WIll Jacks – Surrey, Batsman
21 year old Will Jacks has pressure on him to follow in the footsteps of many of his academy predecessors at the Oval, with four graduates playing test cricket for England already this summer. But pressure makes diamonds as they say, and Jacks is certainly one of them.
Jacks already has one County Championship century to his name and a handy average of 27, and has the chance this summer to improve on these stats. Surrey will be missing Rory Burns and Ollie Pope from their batting line-up for large periods now, which gives Jacks the opportunity to make a place in the side his own.
He is also a powerful one day player, and last year smashed a 25-ball hundred against Lancashire in a pre-seasonT10 game. At a ground that loves producing runs, Jacks has the talent and opportunity to make big scores and a big name for himself this season.
Will Fraine – Yorkshire, Batsman
Having made his name through the MCCU scheme at Durham, Will Fraine (24) made his professional debut at Nottinghamshire before joining his native Yorkshire side, who were looking to rebuild in 2018.
Fraine has so far been solid for Yorkshire, solid but without a major impact as of yet. Strong and composed at the crease, Fraine averages 25 in Championship cricket, which is on the lower side. But after making his maiden Championship century against a really strong Surrey bowling attack, he will take confidence coming into the 2020 season.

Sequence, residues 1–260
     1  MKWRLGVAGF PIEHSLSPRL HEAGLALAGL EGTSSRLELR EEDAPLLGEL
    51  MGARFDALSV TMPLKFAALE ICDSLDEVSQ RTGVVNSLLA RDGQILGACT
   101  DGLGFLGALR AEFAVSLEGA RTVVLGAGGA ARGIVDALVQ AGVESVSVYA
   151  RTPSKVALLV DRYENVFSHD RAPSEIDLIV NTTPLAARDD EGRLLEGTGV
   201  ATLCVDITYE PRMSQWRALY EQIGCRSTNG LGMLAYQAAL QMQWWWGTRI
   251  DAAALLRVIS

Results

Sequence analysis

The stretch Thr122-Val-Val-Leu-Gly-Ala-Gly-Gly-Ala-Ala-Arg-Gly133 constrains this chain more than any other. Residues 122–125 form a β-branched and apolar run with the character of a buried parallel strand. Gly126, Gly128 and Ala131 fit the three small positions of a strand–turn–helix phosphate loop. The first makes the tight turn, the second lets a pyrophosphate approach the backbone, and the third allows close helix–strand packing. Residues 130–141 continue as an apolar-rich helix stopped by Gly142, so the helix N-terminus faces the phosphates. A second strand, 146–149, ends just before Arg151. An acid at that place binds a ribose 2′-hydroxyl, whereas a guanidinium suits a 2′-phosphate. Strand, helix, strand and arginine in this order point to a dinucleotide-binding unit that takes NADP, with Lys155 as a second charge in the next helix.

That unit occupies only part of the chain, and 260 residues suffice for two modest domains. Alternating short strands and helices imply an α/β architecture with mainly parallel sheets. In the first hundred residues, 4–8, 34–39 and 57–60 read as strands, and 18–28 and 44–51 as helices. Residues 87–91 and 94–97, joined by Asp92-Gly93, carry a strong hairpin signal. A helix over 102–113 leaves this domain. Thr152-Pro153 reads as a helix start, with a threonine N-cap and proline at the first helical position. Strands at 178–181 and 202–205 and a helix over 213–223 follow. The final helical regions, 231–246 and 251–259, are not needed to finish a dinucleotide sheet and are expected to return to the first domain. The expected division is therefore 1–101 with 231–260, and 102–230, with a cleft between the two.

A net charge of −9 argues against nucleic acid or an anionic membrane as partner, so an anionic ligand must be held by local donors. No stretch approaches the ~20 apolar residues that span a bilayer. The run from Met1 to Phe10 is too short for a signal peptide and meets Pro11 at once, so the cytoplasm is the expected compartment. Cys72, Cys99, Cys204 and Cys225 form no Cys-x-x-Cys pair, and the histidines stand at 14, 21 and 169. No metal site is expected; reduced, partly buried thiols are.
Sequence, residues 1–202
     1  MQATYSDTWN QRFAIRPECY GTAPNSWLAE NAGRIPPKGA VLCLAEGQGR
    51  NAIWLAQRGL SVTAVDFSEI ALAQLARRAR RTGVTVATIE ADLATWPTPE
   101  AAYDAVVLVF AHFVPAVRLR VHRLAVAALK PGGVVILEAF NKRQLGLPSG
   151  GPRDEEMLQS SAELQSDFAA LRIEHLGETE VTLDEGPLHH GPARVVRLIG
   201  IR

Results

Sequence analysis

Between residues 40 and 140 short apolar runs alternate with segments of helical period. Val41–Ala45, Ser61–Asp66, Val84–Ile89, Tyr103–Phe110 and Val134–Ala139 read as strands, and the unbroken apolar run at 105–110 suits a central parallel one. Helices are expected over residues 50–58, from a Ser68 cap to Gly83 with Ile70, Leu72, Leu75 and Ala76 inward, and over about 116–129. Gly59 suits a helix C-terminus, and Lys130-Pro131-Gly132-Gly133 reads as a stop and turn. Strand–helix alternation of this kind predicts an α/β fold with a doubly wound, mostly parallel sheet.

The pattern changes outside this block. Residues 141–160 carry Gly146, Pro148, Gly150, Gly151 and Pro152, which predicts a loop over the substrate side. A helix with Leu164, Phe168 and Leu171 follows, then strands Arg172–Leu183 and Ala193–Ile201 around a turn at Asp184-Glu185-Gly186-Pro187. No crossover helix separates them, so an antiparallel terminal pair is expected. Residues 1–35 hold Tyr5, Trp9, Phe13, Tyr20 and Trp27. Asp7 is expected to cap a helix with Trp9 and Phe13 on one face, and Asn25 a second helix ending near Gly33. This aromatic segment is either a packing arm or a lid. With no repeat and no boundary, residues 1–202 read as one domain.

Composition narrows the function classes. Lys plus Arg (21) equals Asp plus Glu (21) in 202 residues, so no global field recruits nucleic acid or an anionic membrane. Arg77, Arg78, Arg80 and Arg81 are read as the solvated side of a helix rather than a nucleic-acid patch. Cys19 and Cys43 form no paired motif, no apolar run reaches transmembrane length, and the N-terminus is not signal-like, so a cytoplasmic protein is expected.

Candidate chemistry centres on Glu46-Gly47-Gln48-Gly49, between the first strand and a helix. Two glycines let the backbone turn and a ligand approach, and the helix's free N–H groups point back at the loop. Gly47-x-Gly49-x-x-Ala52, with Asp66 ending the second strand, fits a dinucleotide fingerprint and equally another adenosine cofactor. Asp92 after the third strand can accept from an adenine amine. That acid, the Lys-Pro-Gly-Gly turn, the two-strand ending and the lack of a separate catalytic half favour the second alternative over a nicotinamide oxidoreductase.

Fraine has made the majority of his appearances with the red ball as an opener, which in England is always the hardest place to bat, and has shown a great maturity at the top in his young career. Yorkshire seem content with an opening partnership of Adam Lyth and Tom Kohler-Cadmore but see a place for Fraine at number three.
This is the opportunity Fraine needs to show his fine technique and turn potential into results, and there is nothing Yorkshire locals love more than one of their own being very good at batting,
Eddie Byrom – Somerset, Batsman
Last season, Somerset came within one game of winning the Championship. Their one Achilles heel was the top of the batting order, where they changed combinations numerous times, ending with keeper Steve Davies opening up with reserve overseas player Murali Vijay.
23 year old Zimbabwe born Byrom may be given the role of opening for Somerset this season. He plays with a lovely freedom to his batting and rarely gets tied down, often keeping the scoreboard ticking over.
Byrom made his debut opening with veteran Marcus Trescothick, but failed to turn pretty 30s into meaningful big scores. Although Byrom does have two first-class centuries to his name, which highlights the immense potential the young left-hander possesses.
Byrom enjoyed success last year in the T20 blast, hitting 54 off just 19 balls on debut against Surrey. He can be a star in all forms for Somerset, following in the footsteps of Tom Banton, but where Somerset really need him is at the top of the order in the County Championship.